Oil and gas explorer Providence Resources expects the long-awaited drilling programme at its Barryroe oil project off the Cork coast to commence in the third quarter of 2019.
The Dublin-based company, led by Tony O’Reilly jnr, outlined the timeline in a trading statement on Friday, a month after environmental agency An Taisce told the High Court it wanted a judge to review a decision by the Department of Communications, Climate Action and Environment to permit a survey of the area around the Barryroe oil find.
Barryroe was found in 2012 to have more than 300 million barrels of recoverable oil, and after years of searching for a suitable large partner, Providence sold a 50 per cent stake in the project this year to Chinese explorer Apec in exchange for the funding of an appraisal drilling programme. Lansdowne Oil & Gas holds a further 10 per cent of Barryroe, leaving Providence with 40 per cent.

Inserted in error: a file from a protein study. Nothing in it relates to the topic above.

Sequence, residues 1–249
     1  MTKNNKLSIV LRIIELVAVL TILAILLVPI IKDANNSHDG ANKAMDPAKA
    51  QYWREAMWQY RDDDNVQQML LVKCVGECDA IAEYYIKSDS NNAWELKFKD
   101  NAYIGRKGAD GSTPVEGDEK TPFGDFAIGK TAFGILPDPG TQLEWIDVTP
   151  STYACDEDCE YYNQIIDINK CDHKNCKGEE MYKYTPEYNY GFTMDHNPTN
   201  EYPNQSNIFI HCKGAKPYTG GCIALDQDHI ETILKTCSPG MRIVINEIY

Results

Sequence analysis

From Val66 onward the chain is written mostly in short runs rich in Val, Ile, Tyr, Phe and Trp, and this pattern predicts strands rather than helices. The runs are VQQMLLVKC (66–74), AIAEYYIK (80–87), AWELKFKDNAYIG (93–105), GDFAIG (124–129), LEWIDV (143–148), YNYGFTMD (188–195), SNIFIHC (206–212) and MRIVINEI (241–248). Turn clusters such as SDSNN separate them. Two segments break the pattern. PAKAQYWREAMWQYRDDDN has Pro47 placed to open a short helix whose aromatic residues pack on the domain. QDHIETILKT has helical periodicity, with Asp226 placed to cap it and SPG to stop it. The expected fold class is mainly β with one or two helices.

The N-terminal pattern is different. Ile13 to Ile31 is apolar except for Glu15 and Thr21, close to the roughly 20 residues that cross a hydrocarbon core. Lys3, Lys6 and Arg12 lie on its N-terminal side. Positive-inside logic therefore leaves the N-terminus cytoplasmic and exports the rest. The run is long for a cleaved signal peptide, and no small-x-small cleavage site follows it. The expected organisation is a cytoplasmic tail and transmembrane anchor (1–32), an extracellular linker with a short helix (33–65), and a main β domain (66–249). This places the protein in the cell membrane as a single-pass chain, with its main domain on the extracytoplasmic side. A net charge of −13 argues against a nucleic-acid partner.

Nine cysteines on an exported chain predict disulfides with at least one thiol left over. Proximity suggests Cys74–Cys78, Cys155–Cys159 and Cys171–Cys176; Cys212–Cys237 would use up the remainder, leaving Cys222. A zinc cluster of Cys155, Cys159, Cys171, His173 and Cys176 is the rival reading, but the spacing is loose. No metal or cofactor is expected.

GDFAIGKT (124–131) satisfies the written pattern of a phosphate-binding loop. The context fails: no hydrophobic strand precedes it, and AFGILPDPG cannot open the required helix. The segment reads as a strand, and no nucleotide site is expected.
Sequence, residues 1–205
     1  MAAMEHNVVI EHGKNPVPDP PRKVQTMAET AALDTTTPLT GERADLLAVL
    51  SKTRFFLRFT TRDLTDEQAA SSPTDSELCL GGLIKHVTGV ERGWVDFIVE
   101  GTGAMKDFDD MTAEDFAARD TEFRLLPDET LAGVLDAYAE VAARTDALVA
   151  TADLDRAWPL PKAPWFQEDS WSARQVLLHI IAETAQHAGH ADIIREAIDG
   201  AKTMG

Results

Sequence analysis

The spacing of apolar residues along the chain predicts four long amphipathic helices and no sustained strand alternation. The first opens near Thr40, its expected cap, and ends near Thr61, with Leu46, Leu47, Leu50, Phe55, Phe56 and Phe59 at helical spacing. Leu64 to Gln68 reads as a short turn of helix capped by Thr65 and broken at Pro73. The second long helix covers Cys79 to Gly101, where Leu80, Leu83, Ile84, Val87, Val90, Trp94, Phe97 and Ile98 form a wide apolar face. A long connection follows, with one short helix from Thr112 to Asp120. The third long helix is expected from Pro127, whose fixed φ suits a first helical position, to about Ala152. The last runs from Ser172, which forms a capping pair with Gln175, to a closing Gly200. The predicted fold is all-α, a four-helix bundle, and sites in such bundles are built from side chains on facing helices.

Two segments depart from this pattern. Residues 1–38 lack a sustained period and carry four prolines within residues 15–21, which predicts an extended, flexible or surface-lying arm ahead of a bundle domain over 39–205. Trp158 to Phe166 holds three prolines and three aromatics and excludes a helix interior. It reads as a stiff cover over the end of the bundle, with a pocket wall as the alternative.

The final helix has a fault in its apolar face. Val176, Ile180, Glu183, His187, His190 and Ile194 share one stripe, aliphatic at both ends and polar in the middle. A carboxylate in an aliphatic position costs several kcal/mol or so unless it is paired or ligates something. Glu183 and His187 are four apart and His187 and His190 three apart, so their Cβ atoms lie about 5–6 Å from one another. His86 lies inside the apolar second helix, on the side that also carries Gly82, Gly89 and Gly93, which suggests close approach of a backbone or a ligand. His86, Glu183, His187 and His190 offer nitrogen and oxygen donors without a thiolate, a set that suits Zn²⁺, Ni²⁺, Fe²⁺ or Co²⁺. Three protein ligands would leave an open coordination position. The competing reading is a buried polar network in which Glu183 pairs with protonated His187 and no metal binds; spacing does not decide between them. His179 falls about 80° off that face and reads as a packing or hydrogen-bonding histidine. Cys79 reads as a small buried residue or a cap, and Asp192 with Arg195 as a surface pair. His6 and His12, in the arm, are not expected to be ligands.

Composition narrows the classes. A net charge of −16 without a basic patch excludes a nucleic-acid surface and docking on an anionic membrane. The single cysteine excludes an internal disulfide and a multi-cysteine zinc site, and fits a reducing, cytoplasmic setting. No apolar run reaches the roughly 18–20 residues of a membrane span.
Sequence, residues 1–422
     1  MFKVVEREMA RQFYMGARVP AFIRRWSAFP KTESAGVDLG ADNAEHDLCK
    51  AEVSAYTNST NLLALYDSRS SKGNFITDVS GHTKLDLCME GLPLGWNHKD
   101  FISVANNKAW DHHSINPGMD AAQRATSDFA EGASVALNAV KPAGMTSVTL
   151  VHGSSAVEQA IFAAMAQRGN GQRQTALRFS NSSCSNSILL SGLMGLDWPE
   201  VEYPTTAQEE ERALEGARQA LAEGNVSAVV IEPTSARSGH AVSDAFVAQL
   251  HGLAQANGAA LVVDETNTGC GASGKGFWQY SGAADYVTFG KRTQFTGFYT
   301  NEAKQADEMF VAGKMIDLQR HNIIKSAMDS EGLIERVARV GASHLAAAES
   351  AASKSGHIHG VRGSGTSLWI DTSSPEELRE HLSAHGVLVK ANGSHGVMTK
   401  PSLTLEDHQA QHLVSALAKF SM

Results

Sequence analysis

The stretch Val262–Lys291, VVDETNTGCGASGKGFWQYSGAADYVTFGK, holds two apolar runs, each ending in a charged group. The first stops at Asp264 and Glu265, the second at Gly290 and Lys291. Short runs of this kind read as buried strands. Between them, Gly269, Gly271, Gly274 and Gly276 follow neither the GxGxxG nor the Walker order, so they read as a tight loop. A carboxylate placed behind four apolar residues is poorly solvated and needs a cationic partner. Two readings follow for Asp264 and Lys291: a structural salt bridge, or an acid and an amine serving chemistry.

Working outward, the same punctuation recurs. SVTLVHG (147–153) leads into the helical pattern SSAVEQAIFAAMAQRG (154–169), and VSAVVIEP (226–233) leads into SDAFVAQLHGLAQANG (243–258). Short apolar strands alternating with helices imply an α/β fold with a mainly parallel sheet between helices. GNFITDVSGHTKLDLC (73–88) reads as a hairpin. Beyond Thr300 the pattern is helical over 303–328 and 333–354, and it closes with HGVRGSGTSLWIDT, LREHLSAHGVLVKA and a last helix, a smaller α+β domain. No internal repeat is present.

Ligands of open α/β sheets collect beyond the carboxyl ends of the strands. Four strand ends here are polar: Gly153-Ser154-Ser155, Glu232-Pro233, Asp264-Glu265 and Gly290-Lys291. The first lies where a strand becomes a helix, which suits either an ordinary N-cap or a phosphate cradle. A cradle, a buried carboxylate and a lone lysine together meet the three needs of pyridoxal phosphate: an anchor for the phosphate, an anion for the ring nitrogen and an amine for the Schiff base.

While An Taisce’s challenge has been adjourned until January 15th, Providence said on Thursday that, “without prejudice to the site survey application process”, its subsidiary, Exola, which is overseeing the project, planned to conduct its well-site survey operations in the spring.
“Separately, other consenting work streams required to conduct the drilling programme are under way, and subject to the conclusion of contractual arrangements, the receipt of requisite approvals and consents from the relevant authorities, the updated timeline for the commencement of the drilling programme is Q3 2019,” the company said.
The Barryroe partners have nominated China Oilfield Services Limited as the key project contractor a project management contract is near conclusion.
Mr O’Reilly said the Barryroe project, together with gas production from the Corrib field off the west coast of Ireland, “further facilitate national energy independence at a time of growing geopolitical risk within global energy markets”.
Elsewhere, Providence continues to advance a number of what it terms “high-impact exploration projects” in the Atlantic Margin, where it has interests in four prospects: Diablo, Dunquin South, Avalon and Newgrange.
Last year, Providence’s shares fell by about 50 per cent as the company was forced to abandon two key projects 220km off the west coast of Ireland, called Druid and Drombeg, after drilling revealed little more than water in the reservoirs. The stock has rallied by almost 35 per cent this year.